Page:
The Munster Express
Friday August 6, 2010
Review : Cultural Legacy Exhibition
Despite its unwieldy title Cultural Legacy Exhibition, featuring the legacy and inspiration of The Clancy Brothers and Tommy Makem at the Joan Clancy Gallery in Ring, it is possibly the exhibition of the summer.
Set on Helvick Head, the gallery that was the home of the late Tom Clancy is a unique place for such a significant show.
In a beautiful maritime location over forty paintings explore, celebrate and awaken memories of a ballad period that changed the face of Irish musical history.
Members of the world famous group are depicted and lines from songs they made famous creates an exhibition that could and should travel beyond this county, if not this country.
Andrea Jameson in a most colourful way links the source of inspiration with the balladeers in a series of vortex swirls that represents continuity and creativity with a Joycean theme of Commodius Vicus of Recirculation.
Dave West paints two old style cassette tapes in Compilation Tapes to rekindle memories of tunes not really forgotten.
The glorious day I was there Joan Clancy hummed and sang snatches of those songs and images to help me feel the nostalgia. I could recall so much and the evocative work of Blawnin Clancy with Wild Mountain Thyme and Mountain Heather was just beautiful.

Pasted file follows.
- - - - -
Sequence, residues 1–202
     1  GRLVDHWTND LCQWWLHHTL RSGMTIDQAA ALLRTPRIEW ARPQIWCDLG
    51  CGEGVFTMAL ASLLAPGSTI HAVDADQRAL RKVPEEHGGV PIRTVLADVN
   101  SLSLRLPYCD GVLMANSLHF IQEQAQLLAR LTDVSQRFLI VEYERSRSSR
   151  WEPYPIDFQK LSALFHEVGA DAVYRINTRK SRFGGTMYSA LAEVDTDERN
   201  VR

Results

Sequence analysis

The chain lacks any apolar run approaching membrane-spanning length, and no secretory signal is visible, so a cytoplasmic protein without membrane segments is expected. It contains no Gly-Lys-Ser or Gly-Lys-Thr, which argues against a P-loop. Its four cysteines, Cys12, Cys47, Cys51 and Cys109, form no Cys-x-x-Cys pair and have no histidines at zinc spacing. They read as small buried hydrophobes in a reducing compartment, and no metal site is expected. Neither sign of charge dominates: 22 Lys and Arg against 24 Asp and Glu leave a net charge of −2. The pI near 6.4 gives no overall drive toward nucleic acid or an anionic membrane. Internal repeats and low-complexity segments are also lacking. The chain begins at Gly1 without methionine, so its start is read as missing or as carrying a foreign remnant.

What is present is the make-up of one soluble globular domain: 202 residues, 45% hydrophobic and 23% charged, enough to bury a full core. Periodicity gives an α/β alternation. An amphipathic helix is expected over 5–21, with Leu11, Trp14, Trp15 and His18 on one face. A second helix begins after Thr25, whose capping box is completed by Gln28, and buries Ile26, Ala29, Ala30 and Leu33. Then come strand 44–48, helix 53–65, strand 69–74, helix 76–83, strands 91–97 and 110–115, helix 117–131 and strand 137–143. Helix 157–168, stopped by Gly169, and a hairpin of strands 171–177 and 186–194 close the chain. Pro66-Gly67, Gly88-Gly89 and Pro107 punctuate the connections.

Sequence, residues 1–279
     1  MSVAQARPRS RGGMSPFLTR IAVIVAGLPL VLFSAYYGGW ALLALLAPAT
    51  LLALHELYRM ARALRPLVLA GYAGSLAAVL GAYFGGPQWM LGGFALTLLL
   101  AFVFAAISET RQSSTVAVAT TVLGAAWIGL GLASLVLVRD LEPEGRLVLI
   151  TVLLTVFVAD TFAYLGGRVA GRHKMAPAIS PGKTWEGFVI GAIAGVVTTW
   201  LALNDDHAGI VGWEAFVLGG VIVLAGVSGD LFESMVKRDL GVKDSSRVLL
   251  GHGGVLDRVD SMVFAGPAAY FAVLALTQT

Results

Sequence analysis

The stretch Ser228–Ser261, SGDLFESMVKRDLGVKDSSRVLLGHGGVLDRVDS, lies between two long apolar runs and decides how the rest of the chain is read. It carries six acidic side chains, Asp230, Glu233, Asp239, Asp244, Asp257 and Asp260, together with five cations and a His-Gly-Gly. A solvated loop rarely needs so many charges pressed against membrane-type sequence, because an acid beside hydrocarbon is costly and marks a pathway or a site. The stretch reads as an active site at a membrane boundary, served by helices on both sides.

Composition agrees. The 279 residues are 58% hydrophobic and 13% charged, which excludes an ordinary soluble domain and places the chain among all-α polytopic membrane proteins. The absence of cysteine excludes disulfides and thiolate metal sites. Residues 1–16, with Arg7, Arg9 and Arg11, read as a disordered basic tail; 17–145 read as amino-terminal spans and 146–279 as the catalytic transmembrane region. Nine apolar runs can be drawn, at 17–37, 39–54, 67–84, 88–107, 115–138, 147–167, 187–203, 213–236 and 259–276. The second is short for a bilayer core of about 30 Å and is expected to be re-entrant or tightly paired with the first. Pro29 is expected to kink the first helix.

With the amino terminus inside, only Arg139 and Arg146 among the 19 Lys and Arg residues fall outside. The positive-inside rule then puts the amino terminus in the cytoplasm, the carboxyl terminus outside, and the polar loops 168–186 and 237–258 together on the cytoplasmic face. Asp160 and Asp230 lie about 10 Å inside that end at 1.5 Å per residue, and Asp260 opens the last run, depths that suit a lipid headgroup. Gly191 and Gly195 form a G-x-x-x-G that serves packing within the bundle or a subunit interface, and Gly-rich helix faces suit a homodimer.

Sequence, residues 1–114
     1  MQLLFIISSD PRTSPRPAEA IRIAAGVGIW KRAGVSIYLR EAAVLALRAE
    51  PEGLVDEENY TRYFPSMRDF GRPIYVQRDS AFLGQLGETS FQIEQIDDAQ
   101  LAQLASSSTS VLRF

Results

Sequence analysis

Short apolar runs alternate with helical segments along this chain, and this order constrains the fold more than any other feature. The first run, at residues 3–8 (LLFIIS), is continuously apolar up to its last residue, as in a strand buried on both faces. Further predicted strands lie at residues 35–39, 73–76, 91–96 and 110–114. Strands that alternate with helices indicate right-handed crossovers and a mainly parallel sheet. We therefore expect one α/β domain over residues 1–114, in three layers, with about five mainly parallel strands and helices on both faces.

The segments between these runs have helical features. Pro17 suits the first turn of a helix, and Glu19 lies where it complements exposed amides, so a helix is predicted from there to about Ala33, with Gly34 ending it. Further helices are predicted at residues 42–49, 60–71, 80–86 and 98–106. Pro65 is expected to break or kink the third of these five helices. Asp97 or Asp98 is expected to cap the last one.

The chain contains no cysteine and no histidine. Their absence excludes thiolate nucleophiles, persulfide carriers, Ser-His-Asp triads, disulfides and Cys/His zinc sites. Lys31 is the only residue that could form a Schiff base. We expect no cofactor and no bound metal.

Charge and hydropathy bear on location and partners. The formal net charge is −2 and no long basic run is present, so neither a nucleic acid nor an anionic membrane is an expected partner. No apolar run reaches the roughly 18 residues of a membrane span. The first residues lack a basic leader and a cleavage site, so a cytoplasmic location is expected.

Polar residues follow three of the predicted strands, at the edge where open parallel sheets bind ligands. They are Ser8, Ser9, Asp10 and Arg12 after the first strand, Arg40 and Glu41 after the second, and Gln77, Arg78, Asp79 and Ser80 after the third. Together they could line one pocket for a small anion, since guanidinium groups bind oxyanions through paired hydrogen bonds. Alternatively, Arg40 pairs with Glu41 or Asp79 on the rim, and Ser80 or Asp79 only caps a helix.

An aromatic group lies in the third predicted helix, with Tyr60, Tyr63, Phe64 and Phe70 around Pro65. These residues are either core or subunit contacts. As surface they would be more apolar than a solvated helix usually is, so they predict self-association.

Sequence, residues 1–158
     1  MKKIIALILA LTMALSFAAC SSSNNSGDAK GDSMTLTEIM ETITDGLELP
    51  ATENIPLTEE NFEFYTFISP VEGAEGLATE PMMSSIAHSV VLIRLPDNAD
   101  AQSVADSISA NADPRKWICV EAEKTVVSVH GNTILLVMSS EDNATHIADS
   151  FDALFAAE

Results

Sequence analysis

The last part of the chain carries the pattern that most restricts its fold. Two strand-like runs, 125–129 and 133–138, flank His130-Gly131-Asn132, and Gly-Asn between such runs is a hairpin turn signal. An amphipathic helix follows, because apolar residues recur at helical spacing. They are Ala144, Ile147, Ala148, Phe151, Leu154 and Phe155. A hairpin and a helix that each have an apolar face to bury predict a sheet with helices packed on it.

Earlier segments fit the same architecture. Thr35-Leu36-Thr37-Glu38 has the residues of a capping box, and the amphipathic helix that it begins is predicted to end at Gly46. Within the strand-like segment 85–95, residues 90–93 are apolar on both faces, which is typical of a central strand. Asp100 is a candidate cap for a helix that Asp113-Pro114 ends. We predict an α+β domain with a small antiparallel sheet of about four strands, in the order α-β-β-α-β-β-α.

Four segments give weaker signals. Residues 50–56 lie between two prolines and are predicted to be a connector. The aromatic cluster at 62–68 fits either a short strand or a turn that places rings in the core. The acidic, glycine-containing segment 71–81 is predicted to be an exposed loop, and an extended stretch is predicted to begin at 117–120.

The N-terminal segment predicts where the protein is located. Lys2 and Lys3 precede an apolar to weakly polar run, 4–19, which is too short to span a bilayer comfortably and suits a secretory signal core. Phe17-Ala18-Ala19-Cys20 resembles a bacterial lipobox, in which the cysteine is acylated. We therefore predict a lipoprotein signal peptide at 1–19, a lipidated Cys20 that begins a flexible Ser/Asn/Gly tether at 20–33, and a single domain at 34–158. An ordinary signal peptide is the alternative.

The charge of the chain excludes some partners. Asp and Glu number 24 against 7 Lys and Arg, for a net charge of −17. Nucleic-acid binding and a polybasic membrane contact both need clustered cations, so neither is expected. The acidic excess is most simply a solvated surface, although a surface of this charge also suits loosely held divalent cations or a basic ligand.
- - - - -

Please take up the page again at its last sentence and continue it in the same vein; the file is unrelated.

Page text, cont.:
The small fine line ink drawings of Laura Fitzgerald featured a detailed take on Waltzing Matilda and The Dory.
Katarzyna Gajewska had fine studies of Tommy Makem and the Brothers in her individual hand painted style.
Paul Flynn had an excellent The Rising of the Moon.
But it was the water colour work of Tom's daughter Rayleen Clancy, that wowed me, as faces ebbed and flowed and seemed to fade just a little as if memory was blurring. Her studies of her father and Preserve Your Memories are shot through with love, loss and personal memory.
On a plinth in the gallery The Book by Rayleen is such a personal study in creativity and memory. Inside a tweed pocket, a leather bound work or ideas book shows how a 19 year old girl came or tried to come to terms with death.
The leather binding was part of the last hides tanned in Dungarvan and Rayleen writes and paints about how empty the heart becomes when you lose your hero.
It felt like an intrusion as I looked through the book but that book illuminated the work, the legacy and the sense of music and happiness behind the obvious sadness.
This show runs until 15th August and it is a Cultural Legacy and an Exhibition that deserves a much wider audience.